In response, ELADH submitted to Blue Cross the Medicare guidelines and statutory authority, as well as guidance from billing specialists at Noridian and CMS demonstrating that what ELADH billed to Medicare was correct and that all charges payable by Medicare Part B were submitted to and paid by Medicare Part B. ELADH also explained to Blue Cross that the claims submitted to Blue Cross were different from the claims submitted to Medicare, because not all of the charges on the claims were payable by Medicare Part B and therefore not required (and for certain codes not allowed) to be submitted to Medicare Part B (Blue Cross should be very well versed in what services are billable to Medicare, as they maintain a Medicare program themselves.) However, Blue Cross continued to deny the claims on the basis that all charges (including the charges that are not payable by Medicare Part B) should have been billed to Medicare Part B, without providing any statutory authority, guidance from CMS, or other documentation supporting its position and in contradiction to the provided statutory authority and guidance from CMS demonstrating that ELADH billed Medicare correctly, despite multiple requests for Blue Cross to do so.
Our office made several requests for an administrative review and or administrative law judge hearing that CalPERS has apparently denied because the member died.
ELADH vs. CalPERS ROUND 2
After Blue Cross refused to reimburse ELADH’s claim, our office submitted an enforcement letter to the plan fiduciary, CalPERS, informing them of Blue Cross’s wrongful denial. Pursuant to the PERSCare Evidence of Coverage, page 34 Section 4. Request for CalPERS Administrative Review Process:
If a member is not satisfied with Anthem Blue Cross’ FABD, the independent External Review Decision, or the member does not want to pursue the independent External Review process, the Member may request an Administrative Review from CalPERS/Blue Cross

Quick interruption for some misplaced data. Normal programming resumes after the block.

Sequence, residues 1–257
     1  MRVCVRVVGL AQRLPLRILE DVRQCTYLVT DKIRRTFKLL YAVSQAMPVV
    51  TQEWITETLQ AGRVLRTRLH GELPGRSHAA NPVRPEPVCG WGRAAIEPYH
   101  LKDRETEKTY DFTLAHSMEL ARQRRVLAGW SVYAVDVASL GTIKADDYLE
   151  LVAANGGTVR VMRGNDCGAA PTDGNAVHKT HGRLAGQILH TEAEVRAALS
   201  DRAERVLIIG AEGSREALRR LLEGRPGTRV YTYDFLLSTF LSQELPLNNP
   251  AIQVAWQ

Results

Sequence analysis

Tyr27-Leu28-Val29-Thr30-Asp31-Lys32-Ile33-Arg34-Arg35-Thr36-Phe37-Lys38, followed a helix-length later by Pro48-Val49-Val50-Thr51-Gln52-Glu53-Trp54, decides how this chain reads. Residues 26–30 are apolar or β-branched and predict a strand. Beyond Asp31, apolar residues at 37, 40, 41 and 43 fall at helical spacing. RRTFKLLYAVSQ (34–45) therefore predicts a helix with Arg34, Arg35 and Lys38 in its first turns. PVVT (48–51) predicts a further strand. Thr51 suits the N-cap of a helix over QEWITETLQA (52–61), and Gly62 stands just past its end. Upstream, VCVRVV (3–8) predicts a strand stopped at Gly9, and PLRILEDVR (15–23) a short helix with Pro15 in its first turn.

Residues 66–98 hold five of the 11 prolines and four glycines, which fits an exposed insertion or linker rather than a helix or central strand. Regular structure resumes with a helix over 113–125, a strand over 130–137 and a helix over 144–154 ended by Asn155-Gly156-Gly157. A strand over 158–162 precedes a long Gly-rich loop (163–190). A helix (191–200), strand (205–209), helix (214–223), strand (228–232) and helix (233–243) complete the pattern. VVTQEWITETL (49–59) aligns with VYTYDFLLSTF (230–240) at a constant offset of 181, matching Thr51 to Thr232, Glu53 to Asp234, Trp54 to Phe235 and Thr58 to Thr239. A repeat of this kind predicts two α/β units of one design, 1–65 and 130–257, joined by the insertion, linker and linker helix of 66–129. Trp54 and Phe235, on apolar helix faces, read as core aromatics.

Here, our office made several requests for an administrative review and or administrative law judge hearing that CalPERS has apparently denied because the member died.
Under Government Code Section 11500-11529:
A “Party” includes the agency, the respondent, and any person other than an officer or an employee of the agency in his or her official capacity, who has been allowed to appear or participate in the proceeding.
Further under 11500-11529, the member has the right to an attorney or other authorized representative. CALPERS/Blue Cross had denied that right to the provider with derivative standing.
In Connecticut State Dental Assn v. Anthem Health Plans, Inc., 591 F3d 1337, 1352-53 (11th Cir. 2009), the court held that claim forms subjected by health care providers to administrator demonstrated an assignment of benefits by the patient, thus establishing standing for providers.
Additionally, in Tango Transp. V. Healthcare Fin. Servs., 322 F.3d 888, 893-94 (5th Cir. 2003), the Court of Appeals for the Fifth Circuit held that a third party collection agency possessed derivative standing as an assignee of a healthcare provider, who itself possessed derivative standing as an assignee of the beneficiary of the ERISA plan.
Further, in Tango, the Court of Appeals cited Misic v. Bldg. Serv. Employees Health & Welfare Trust, 789 F.2d 1374, 1378 (9th Cir. 1986), “noting that extending derivative standing to health care providers ‘results in precisely the benefit the trust is designed to provide and the statute is designed to protect,’ while also ‘making it unnecessary for health care providers to evaluate the solvency of patients before commencing medical treatment’ or forcing patients to ‘pay potentially large medical bills and await compensation from the plan.'”
East Los Angeles Doctor’s Hospital is an assignee of the beneficiary of the plan (through an assignment of benefits). ELADH and this office (through a signed statement of representation) asserted derivative standing to appeal the matter and requested an Administrative Review and or Hearing to no avail.